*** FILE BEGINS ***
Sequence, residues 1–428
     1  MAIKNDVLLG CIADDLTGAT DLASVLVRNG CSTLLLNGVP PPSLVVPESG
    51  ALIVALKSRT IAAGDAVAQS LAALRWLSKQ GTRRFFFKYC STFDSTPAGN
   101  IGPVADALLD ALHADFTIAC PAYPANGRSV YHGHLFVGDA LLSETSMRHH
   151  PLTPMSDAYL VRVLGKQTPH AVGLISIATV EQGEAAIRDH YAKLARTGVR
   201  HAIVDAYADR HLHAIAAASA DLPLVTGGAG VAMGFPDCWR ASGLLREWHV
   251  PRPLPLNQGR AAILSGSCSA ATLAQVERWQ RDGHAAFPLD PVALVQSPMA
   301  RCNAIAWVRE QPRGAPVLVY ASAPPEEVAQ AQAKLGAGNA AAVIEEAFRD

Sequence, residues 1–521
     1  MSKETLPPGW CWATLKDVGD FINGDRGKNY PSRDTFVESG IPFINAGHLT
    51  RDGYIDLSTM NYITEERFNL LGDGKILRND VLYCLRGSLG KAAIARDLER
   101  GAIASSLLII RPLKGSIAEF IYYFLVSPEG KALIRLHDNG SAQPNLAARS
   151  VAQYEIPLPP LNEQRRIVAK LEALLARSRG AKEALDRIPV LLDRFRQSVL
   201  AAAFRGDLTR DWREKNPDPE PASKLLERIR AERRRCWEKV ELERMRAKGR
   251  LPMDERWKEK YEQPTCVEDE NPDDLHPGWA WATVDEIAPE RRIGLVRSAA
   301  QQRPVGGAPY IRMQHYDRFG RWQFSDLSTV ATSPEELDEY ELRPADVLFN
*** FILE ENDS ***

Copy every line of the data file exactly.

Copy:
Sequence, residues 1–428
     1  MAIKNDVLLG CIADDLTGAT DLASVLVRNG CSTLLLNGVP PPSLVVPESG
    51  ALIVALKSRT IAAGDAVAQS LAALRWLSKQ GTRRFFFKYC STFDSTPAGN
   101  IGPVADALLD ALHADFTIAC PAYPANGRSV YHGHLFVGDA LLSETSMRHH
   151  PLTPMSDAYL VRVLGKQTPH AVGLISIATV EQGEAAIRDH YAKLARTGVR
   201  HAIVDAYADR HLHAIAAASA DLPLVTGGAG VAMGFPDCWR ASGLLREWHV
   251  PRPLPLNQGR AAILSGSCSA ATLAQVERWQ RDGHAAFPLD PVALVQSPMA
   301  RCNAIAWVRE QPRGAPVLVY ASAPPEEVAQ AQAKLGAGNA AAVIEEAFRD

Sequence, residues 1–521
     1  MSKETLPPGW CWATLKDVGD FINGDRGKNY PSRDTFVESG IPFINAGHLT
    51  RDGYIDLSTM NYITEERFNL LGDGKILRND VLYCLRGSLG KAAIARDLER
   101  GAIASSLLII RPLKGSIAEF IYYFLVSPEG KALIRLHDNG SAQPNLAARS
   151  VAQYEIPLPP LNEQRRIVAK LEALLARSRG AKEALDRIPV LLDRFRQSVL
   201  AAAFRGDLTR DWREKNPDPE PASKLLERIR AERRRCWEKV ELERMRAKGR
   251  LPMDERWKEK YEQPTCVEDE NPDDLHPGWA WATVDEIAPE RRIGLVRSAA
   301  QQRPVGGAPY IRMQHYDRFG RWQFSDLSTV ATSPEELDEY ELRPADVLFN